Well, I do somewhat scale down. Less weight, less reps, use the band for pullups, etc. She goes over the exercises and lifts with us at the beginning, and I say okay, I think I got it, and then she leaves us (sometimes it's 2 or 3 new people and sometimes it's just me) to do our thing. Then she gets busy with other people and I feel like I'm bugging her. I guess the thing is with the gym, it just seems a bit unorganized. Everybody gets there at different times, and just starts the WOD and if you're new you're kinda thrown in, but shown how to do it real quick, scaled down if need be, and then left to do it. Which is fine, I don't need my hand held, but like I said, I also want to do it correctly. This gym is the only gym in this Godforsaken town that offers CF, so it's either I go here, or try to do it on my own in my garage, and I'm sure that would not be smart to start off with, even tho I probably could because my husband has quite a bit of equipment, pullup bar, free weights, small kettle bells, but no boxes for jumping on and no wall balls etc. lol Anyway, thanks for your advice and I will take all into consideration and keep doing my best. I will get there eventually!
The first part in bold is not the sign of a good coach. Her priorities should be to ensure that you know what you're doing, not just that you say you do, then to watch everyone closely during the workout to make sure form is good and range of motion is correct. That's where on-ramps or small group intro classes come in, so people can learn what they need to learn before starting regular group workouts.

The second part is equally negligent. Proper technique is not something that gets only a cursory review at the beginning of the class--it's something that should be taught correctly from the beginning, before the new member is ever allowed to do a workout.
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Old 04-11-2012, 09:30 PM   #6
Bryan Rowland
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Re: On Ramp Class?

Don't feel like your bugging your coach its their job to assure you know what you are doing.

When I went into my first box I had been doing crossfit for about 2 1/2 years. I was in great shape and knew all the movements from what I watched and learned from others over time. The box owner had me prove I knew what I was doing on day one by demonstrating each movement or I was gonna do the on ramp class. I did join the regular class day two, but only because I knew what I was doing.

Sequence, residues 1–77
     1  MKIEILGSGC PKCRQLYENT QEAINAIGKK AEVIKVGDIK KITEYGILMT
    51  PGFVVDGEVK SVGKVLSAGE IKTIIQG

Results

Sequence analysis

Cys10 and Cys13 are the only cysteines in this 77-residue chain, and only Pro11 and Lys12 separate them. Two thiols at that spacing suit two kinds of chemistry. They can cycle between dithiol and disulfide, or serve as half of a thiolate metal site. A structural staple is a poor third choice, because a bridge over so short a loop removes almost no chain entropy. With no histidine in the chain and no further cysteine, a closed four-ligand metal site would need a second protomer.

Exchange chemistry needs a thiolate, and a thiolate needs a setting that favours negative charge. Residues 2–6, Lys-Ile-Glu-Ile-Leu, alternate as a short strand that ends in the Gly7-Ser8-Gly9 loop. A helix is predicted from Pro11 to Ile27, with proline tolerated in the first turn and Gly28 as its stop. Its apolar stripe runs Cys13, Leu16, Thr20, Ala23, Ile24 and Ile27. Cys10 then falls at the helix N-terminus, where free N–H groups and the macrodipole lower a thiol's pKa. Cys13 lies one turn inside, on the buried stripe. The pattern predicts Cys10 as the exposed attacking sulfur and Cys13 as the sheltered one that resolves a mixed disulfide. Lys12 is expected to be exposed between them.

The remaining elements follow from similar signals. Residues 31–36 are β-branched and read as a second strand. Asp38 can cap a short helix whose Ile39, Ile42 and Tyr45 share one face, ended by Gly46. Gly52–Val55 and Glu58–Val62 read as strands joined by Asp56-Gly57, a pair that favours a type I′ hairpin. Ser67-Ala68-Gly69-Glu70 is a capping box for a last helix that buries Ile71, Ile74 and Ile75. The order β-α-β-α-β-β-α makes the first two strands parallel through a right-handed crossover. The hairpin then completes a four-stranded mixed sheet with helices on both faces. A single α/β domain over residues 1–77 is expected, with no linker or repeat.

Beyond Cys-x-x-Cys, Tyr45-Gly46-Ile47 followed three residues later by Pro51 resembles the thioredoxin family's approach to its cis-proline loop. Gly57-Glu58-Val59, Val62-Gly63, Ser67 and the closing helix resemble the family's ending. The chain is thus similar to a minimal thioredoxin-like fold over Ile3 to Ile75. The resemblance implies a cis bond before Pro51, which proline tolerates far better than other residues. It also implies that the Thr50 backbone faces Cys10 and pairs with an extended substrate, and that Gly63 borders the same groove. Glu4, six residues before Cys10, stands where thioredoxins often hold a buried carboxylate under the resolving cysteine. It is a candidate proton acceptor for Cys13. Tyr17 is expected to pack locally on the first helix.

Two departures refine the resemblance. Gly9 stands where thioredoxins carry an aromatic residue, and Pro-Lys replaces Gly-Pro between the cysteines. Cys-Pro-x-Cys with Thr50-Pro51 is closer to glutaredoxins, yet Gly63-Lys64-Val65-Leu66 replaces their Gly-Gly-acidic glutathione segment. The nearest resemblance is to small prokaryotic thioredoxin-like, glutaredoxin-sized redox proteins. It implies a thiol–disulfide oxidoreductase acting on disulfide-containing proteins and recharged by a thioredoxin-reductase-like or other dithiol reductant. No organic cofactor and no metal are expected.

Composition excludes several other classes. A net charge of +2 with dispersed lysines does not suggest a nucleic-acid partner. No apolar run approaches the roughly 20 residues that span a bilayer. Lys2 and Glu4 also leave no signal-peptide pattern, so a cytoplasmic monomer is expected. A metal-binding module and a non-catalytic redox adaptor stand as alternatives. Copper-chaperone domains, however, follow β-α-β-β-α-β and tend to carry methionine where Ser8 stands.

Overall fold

Last edited by Bryan Rowland : 04-11-2012 at 09:35 PM.
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Old 04-12-2012, 09:43 AM   #7
Brendan McNamar
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Re: On Ramp Class?

I'll take a different view on this. It sounds like they are running an open gym format. You can show up and do your workout any time they are open.

It sounds like the owner could use a little feed back on running a more organized class for the newer people. She doesn't have to change everything. It could be as simple as Mon., Wed., Fri. at 6:00 PM she offers a structured class with more direct supper vision for any who wants it. During the hour she doesn't allow others to start their WODs so she can give her full attention.

This would do a lot of good things. Help new people learn under undistracted supper vision. It would encourage new folks to workout every other day which is a generally good approach. It lets her get direct feedback from the new people on how they are doing with issues like soreness. It lets her know who feels comfortable to proceed and who wants more guidance.

I started as a solo coach. Learning how to coach and run the business to do the best job is a learned art.

Some of the things you have said lead me to believe the owner wants to do a good job but may not quite have her system worked out yet.

If you don't say anything she will never know.

I don't run an "On Ramp" class but I do have 4 Intro workouts I use to learn peoples fitness and mobility levels. I run my gym in a manner that my more experienced members are fairly self sufficient. I teach them how to do workouts, not just follow the leader. This allows me to focus most of my time on the newest people.

A good "On Ramp" class can be helpful but it is no magic solution. Far too many people come out of an On Ramp class and think they know what they are doing when they don't.
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Old 04-13-2012, 06:06 AM   #8
Stacey Johnson
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Re: On Ramp Class?

Brendan, that is a VERY good idea. I think I will talk to her about starting a class, just don't want to offend her or anyone for that matter. Thanks!!
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Old 04-13-2012, 12:42 PM   #9
Eric Montgomery
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Re: On Ramp Class?

If a coach gets offended at the suggestion that she actually coach you then she's not worth the money you're paying her.
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Old 04-19-2012, 08:20 AM   #10
Caleb Johnson
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Re: On Ramp Class?

Hi Stacey,
I'm going to second what Brendan said. Most of us who train folks are very interested in our clients opinions, well being and happiness at our gyms. We can't change what we don't know is wrong though. Some people aren't satisfied with their workouts unless they're so sore they can't move the next day, while most are the exact opposite.

Tell your trainer you're digging Crossfit, but the soreness is affecting you so much you're not sure if you can continue. Tell your trainer you feel like you need a little more time to get the moves down properly. Heck, tell your trainer if you don't like the music that's being played! Bottom line, there will be 1% of trainers who feel like you're being high maintenance, but the other 99% will really appreciate the feedback!